Holiday 2019 reading (Part 1)

Reading is always a big part of my holidays. Even more so when I return to New York armed with my fabulous library card.

I took full advantage of that shiny red card this year. Here are the books I read on my time back in New York this summer:

Donna Has Left The Building – Susan Jane Gilman

I didn’t know the author, Susan Jane Gilman, before picking up this novel. but I quickly was drawn in to her quirky, humorous style.

Reading in NY/Kimberly Sullivan
Reading from my apartment’s rooftop terrace – with the midtown skyline in the distance

Donna is an ex-punk rock girl who has settled into middle age in the Midwest, slaving away at an unchallenging job, saddled with debt and battling mortgage payments, and the mother of teenage kids who ignore her, at best. Discovering her husband’s secret life sends her tottering over the edge, and off on the Great American Road trip in search of the path not taken – or what Donna imagines her life might have been.

I sped though this bittersweet, hilarious coming-of-(middle)age tale, truly enjoying it, until the final segment that takes Donna abroad for the first time in her life to take part in Mediterranean migrant landings in Europe. That whole segment read like an add-on to me that had little to do with the earlier segment of the tale. Despite the lackluster ending, this was an enjoyable read.

The Summer Wives – Beatriz Williams

I may have read everything Beatriz Williams has written. I generally enjoy her glamorous, historical novels. This wasn’t one of my favorites among her work, but I did still enjoy the story line and sense of place.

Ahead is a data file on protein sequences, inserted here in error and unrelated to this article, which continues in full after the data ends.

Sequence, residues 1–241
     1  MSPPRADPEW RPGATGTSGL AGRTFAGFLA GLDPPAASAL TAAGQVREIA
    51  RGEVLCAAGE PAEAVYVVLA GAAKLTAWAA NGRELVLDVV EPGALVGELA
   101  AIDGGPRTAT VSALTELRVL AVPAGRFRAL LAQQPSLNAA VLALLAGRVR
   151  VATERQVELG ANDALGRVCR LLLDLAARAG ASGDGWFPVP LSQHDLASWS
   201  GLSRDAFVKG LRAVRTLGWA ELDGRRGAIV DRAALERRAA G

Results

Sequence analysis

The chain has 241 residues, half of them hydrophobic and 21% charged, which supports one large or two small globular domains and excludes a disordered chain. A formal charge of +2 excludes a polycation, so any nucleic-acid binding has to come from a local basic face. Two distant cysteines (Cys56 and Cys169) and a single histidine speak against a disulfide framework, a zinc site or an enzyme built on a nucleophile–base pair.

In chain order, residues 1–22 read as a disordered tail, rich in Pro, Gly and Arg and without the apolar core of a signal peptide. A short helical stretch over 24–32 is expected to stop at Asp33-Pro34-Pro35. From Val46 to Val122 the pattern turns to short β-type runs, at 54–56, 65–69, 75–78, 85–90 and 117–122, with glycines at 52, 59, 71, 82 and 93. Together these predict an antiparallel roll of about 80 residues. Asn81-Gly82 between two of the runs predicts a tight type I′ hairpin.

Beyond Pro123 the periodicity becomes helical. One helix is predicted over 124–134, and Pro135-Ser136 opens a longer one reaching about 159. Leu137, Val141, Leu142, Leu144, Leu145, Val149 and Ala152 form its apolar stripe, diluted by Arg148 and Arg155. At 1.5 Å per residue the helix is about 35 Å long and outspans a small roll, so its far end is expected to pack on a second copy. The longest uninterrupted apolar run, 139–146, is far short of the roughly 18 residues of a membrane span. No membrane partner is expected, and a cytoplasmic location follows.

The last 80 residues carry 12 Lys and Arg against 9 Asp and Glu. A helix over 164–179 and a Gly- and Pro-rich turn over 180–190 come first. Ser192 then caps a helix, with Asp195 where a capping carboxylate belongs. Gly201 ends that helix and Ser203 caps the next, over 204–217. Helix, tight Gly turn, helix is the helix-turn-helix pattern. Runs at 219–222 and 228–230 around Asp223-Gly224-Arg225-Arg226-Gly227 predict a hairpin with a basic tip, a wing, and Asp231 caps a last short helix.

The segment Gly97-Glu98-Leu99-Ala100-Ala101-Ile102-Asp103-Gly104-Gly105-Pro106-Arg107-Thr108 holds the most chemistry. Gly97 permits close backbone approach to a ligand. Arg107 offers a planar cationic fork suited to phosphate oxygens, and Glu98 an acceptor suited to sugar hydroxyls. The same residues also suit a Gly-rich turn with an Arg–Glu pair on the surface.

Reading in NY/Kimberly Sullivan
Reading from my apartment – love that on holidays I can wake up and read a few pages before having to start in on my day – no deadlines!

Set on the fictional Winthrop Island, a Connecticut island in the Long Island Sound, this is a class tale of middle class Portuguese-American fisherfolk and the privileged, well-heeled WASPs who call the island home during the summer season.

The story follows Miranda Schuyler’s arrival on the island as a young woman in the summer of 1951, and years later, in 1969. The underlying social tensions between the summer visitors and the locals is slowly revealed. Miranda travels between the two worlds, inadvertently stirring up tensions that emerge from decades earlier.

There were nice elements to this novel and a very well developed sense of place, but I wouldn’t include it as one of my favorite Williams novels.

I’ll continue my summer holiday reads and reviews next week…

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